While the U.S. Treasury market languished most of last week, a great deal of buying interest helped the municipal market to a strong showing. The surprising aspect about the two markets was that the Treasury was only burdened with its routine three- and six-month bill auction, while the tax-free market was deluged with new issues.

Two measures of the performance of the municipal market are the Bond Buyer's index of high-grade general obligation bonds, known as the BBI, and the Bond Buyer's Revenue Bond index, known as the Rev-dex. These two indexes are to the municipal bond market what the Dow Jones Industrial Average is to the stock market. Last week, the BBI moved from the prior week's 9.38 percent to 9.23 percent. At the same time, the Rev-dex moved from 9.73 percent to 9.58 percent.

This impressive price movement demonstrated two facts. First, it showed the underlying strength in the muni market. The fact that interest rates could decline in the face of a huge calendar is awesome, especially when Treasuries lacked direction. A strong demand existed for the new primary issues that set the pace for the rest of the market. As the new issues were scooped up, the outstanding issues, or secondary issues, also began to move as demand spilled over into their area. It takes a sizeable calendar to give a market direction, and that's what happened last week.

The second point to be made is this: There now exists for the second week in a row a 35-basis-point spread between the two indexes. That is the narrowest spread on record. The average spread during the last few years has been 80 to 85 basis points. This narrow spread means that general obligation bonds are cheap compared with the revenues. This fact in itself is startling, because 74 percent of the $17 billion in new long municipals that have been issued during the first quarter of 1983 have been revenue bonds.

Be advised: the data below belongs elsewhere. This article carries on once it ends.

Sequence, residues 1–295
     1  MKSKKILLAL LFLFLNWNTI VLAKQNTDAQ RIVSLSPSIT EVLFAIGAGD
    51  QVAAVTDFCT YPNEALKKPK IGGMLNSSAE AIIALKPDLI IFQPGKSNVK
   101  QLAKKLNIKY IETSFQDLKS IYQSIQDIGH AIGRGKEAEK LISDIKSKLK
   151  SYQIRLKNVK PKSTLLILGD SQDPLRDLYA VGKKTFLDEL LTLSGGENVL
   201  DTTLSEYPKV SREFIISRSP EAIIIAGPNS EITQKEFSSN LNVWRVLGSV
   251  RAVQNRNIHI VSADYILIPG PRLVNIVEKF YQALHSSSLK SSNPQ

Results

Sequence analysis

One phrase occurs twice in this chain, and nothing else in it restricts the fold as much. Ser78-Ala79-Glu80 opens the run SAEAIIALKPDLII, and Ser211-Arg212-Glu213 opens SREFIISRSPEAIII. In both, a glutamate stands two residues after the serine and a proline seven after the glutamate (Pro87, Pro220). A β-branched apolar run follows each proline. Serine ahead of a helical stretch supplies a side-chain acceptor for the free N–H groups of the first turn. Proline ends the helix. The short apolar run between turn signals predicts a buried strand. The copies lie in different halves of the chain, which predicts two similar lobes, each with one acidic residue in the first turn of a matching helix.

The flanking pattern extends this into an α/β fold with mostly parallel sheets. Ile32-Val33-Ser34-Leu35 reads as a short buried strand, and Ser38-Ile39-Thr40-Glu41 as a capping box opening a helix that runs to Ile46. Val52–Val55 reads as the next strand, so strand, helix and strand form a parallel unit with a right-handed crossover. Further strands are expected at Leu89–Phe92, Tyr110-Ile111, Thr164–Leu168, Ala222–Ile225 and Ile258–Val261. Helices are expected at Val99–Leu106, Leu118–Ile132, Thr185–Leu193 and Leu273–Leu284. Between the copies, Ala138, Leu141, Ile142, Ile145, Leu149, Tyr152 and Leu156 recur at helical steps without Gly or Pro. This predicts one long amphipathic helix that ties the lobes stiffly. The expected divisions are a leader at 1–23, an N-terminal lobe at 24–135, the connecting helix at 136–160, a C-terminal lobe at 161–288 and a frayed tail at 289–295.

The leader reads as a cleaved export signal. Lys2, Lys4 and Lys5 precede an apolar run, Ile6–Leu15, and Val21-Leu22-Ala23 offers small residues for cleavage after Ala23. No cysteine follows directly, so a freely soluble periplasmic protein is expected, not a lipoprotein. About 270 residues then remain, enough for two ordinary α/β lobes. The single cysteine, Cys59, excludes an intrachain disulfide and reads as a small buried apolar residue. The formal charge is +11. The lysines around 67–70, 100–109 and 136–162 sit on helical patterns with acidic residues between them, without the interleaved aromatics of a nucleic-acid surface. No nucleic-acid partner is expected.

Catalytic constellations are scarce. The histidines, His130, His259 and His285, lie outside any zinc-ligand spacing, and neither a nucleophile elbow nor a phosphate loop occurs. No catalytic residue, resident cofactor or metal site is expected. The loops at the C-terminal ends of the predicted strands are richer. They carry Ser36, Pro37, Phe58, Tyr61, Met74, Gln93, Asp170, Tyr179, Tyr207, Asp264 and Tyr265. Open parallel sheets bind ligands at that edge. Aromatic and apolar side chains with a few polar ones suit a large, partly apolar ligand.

A municipal specialist at Drexel Burnham believes that there are two reasons for this occurrence. First, individuals are attracted to high-yield bonds. In fact, they purchased 90 percent of all the new long munis issued in 1982. Consequently, they are attracted to the high yield found on revenue bonds. Therefore, the high grade general obligation (GO) issues are now forced to offer more yield to attract buyers.

Next, a couple of weeks ago, when the indices were separated by 68 basis points, several new GO issues Municipals' Spread Narrows came to market, but sold poorly. This necessitated lower price adjustments in order for the issues to sell out before last week's huge supply arrived. This made GOs cheaper and caused the spread to narrow to its current level.

This week will see another large muni calendar. One issue will be the $450 million State of Alabama GO issue. The high grades will have to remain cheap to sell issues of that magnitude.